The grinding agent was introduced into this suspension in the quantities shown in Table 3 below, expressed as a percentage by weight in terms of the mass of calcium carbonate to be ground.

The suspension to be ground was placed in the same grinder as for example 1, with the same quantity of grinding agent and was treated using the sameexperimental criteria, in order that the results obtained may be compared with those of example 1.

All the experimental results are given in Table 3 below.

              TABLE 3______________________________________            TEST 6   TEST 7______________________________________Mineral substance to              CaCO3 CaCO3be ground          (urgonite) (urgonite)Concentration of drymatter in the suspension              76%        76%being groundGrinding agent     Polyacrylic                         Polyacrylic              acid       acidPolymerization medium              Water and  Water and              isopropanol                         isopropanolNeutralization rate foragent with:a monovalent function              K+ : 1.0                         K+ : 0.7a polyvalent function              --         Ca++ : 0.3Specific viscosity of thegrinding agent     0.54       0.54Consumption of grindingagent in percent dryweight             1.15       1.10pH of grinding medium              9.2        9.2Percentage mineral 79         79substances at 1 micronafter grindingGrinding temperature kept              65 C.                         65 C.at:Viscosity in cps at 20 C.on completion of grinding              610        410after standing for 24 hrs,stirred before measurement              1260       420after standing for 8 days,Stirred before measurement              2100       550______________________________________

The third table shows by comparing tests 6 and 7, tests 2 (from Table 1) and 6 and then tests 2 (Table 1) and 7 that using, for the complete neutralization of the polymerizate, a single neutralizing agent (test 6: KOH) other than the one used in earlier practice (test 2: NaOH) did not produce acceptable results.

However, comparison between test 7 on the one hand with tests 2 and 6 on the other hand is significant for the substantial fall in the viscosity ofthe suspension of calcium carbonate after a grinding operation according tothe invention, i.e. carried out in the presence of a grinding agent consisting of a completely neutralized polyacrylic acid, using a neutralizing agent having a monovalent radical (NaOH) and a neutralizing agent having a polyvalent radical (Ca(OH)2).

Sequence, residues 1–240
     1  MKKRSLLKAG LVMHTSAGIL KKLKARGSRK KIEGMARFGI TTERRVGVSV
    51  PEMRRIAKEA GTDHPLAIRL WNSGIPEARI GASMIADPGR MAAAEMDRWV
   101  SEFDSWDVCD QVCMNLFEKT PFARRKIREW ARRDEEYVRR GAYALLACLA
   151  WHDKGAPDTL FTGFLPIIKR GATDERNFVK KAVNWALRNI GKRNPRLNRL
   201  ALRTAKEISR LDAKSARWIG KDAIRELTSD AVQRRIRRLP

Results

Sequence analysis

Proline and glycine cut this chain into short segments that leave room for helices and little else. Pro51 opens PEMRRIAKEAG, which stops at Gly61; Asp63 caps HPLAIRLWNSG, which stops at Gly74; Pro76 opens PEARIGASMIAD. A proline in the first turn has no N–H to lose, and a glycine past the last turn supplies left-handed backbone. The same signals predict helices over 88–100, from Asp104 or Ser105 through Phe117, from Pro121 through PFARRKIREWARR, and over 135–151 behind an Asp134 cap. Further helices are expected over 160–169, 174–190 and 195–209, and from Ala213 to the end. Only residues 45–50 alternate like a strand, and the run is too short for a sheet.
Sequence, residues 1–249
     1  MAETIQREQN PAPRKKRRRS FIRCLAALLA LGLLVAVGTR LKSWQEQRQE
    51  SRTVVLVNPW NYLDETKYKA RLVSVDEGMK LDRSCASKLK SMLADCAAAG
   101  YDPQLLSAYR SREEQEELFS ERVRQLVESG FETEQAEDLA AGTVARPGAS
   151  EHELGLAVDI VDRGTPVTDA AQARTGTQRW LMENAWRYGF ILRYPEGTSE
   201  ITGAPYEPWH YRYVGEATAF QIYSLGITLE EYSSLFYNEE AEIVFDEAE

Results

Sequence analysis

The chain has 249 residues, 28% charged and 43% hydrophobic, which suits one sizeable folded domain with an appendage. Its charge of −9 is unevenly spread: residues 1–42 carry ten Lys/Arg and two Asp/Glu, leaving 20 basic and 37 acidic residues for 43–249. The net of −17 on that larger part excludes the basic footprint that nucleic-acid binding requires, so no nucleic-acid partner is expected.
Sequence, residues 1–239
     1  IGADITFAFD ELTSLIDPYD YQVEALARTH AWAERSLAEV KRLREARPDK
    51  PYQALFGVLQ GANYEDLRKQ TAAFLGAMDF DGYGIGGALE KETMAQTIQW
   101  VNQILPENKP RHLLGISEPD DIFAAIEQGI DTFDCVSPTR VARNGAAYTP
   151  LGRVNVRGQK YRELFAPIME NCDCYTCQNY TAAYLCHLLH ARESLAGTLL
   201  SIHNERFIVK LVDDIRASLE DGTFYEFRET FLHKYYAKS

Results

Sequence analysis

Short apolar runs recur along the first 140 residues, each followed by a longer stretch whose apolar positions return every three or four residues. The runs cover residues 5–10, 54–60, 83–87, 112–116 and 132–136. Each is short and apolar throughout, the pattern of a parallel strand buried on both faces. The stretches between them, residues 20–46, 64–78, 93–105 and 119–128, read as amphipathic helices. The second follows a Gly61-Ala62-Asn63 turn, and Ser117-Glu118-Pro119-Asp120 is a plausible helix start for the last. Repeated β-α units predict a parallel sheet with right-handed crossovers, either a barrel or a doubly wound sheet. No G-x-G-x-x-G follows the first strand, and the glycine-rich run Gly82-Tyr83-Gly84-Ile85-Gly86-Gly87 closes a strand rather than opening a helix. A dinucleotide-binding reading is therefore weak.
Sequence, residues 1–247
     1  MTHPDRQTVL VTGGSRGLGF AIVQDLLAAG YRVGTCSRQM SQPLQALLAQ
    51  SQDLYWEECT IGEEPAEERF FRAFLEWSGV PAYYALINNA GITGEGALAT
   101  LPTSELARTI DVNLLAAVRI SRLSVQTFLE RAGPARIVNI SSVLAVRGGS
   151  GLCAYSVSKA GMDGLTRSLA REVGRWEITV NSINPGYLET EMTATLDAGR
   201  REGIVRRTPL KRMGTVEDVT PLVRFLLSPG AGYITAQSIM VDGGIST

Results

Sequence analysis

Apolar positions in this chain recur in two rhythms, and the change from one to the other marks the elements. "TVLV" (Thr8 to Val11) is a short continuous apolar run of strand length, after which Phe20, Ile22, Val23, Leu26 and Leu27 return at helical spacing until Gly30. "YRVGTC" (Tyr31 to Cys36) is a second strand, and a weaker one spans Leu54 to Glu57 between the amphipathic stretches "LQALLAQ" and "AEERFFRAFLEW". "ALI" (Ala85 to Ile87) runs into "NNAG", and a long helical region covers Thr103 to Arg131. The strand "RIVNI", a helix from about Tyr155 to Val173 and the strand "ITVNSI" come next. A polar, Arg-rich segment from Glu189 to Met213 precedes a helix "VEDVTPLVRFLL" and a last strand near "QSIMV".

EXAMPLE 4

This example which is intended to illustrate the object of the invention concerns the grinding of the same calcium carbonate used in example 1, in the presence of a grinding agent which is a polymethacrylic acid obtained by polymerizing methacrylic acid according to the process used for test 2 of example 1 and complete neutralization of the polymerizate.

In a test no. 8 illustrating prior art, the calcium carbonate was ground inthe presence of sodium polymethacrylate obtained as in test no. 2 of example 1 by radical polymerization of methacrylic acid in an aqueous medium, in the presence of isopropanol, and complete nuetralization of thepolymerizate by sodium hydroxide.

In a test no. 9 which illustrates the invention, the calcium carbonate was ground in the presence of polymethacrylic acid obtained according to the process of test no. 2 of example 1, by radical polymerisation of methacrylic acid in an aqueous medium in the presence of isopropanol and complete neutralization of the polymerizate by two neutralizing agents, one being sodium hydroxide (rate of 0.7) and the other calcium hydroxide (rate of 0.3).

For each of the tests 8 and 9 an aqueous suspension of calcium carbonate obtained from the Orgon (France) deposit with a grain size of less than 43microns was prepared.

The aqueous suspension having a concentration of dry matter of 76% by weight with respect to the total mass.

The grinding agent was introduced into this suspension in the quantities shown in Table 4 below, expressed as a percentage by weight in terms of the mass of calcium carbonate to be ground.

The suspension to be ground was placed in the same grinder as in example 1,with the same quantity of grinding agent and was treated according to the same experimental criteria in order that the results obtained may be compared with those of example 1.

All the experimental results are given in Table 4 below.

              TABLE 4______________________________________             TEST 8      TEST 9Mineral substance to             CaCO3  CaCO3be ground         (urgonite)  (urgonite)______________________________________Concentration of drymatter in the suspension             76%         76%being groundGrinding agent    Polyacrylic Polyacrylic             acid        acidPolymerization medium             Water and   Water and             isopropanol isopropanolNeutralization rate foragent with:a monovalent function             Na+ : 1.0                         Na+ : 0.7a polyvalent function         Ca++ : 0.3Specific viscosity of thegrinding agent    0.63        0.63Consumption of grindingagent in percent dryweight            1.28        1.30pH of grinding medium             9.2         9.2Percentage mineral             79          79substances at 1 micronafter grindingGrinding temperature kept             65 C.                         65 C.at:Viscosity in cps at 20 C.on completion of grinding             650         410after standing for 24 hrs,             1050        410after standing for 8 days,             1900        430stirred before measurement______________________________________